“The Monuments Men Foundation was proud to work with Dr. Lee, Dr. Edwards, and the Kimbell Art Museum to bring to light this important part of history,” remarked Robert Edsel. “This not only honors the legacy of the men and women who served as Monuments officers during World War II, but fulfills a key component of the Mission Statement of the Foundation. The Kimbell Art Museum has once again handled a Nazi-era provenance case in the most exemplary manner.”
The bust of Isabella is currently on view at the Kimbell Art Museum, where admission to the permanent collection is free.
Portrait of a Woman, Probably Isabella d’Este is attributed to Gian Cristoforo Romano, Italian (c. 1465–1512), and dates to c. 1500. This rare terracotta portrait bust probably represents Isabella d’Este, Marchioness of Mantua. The most celebrated woman of her day, Isabella d’Este (1474–1539) cultivated one of the most illustrious courts in Renaissance Italy. She was a passionate patron who invited the most renowned artists in Italy to decorate her private quarters in the Ducal Palace.
The identity of the figure rests in part on its correspondence to Leonardo da Vinci’s famous drawing of Isabella d’Este in profile (Musée du Louvre, Paris). It also bears comparison with a portrait medal of Isabella by Gian Cristoforo Romano, one of the leading sculptors of his time and an accomplished courtier, singer, poet, and antiquarian, who advised Isabella. As early as 1491, she commissioned him to make a marble portrait bust of her, although no such work by him is known. Isabella was not as attractive as she would have liked, and often complained that her portraits were unflattering. In much Renaissance female portraiture, including that of Isabella, a faithful likeness was less desirable than an idealized beauty that represented the sitter’s virtue. If the Kimbell bust indeed represents Isabella, it does so in a highly flattering way, presenting an ideal, classicized “likeness” that would have pleased the most discriminating of patrons.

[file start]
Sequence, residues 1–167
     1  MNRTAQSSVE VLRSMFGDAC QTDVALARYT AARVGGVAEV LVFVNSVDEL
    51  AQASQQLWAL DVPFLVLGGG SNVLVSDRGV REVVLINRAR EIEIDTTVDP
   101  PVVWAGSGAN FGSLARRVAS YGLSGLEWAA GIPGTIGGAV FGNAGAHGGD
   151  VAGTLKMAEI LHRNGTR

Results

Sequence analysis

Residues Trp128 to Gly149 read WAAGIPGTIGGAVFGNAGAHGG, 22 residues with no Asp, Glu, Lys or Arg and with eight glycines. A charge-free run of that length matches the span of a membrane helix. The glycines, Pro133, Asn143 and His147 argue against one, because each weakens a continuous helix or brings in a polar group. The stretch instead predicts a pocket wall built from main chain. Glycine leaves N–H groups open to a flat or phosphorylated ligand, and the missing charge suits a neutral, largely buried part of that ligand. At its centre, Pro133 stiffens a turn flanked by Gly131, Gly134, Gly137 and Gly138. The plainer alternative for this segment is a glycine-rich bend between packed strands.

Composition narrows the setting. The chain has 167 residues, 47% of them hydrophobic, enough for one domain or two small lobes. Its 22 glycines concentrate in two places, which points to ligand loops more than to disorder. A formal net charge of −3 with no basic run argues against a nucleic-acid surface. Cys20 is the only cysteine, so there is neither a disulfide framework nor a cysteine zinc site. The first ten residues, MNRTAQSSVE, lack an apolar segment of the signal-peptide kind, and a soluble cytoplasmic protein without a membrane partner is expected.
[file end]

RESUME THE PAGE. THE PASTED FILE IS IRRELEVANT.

The bust was originally painted. As with almost all such terracottas, the colors were probably removed in the nineteenth century.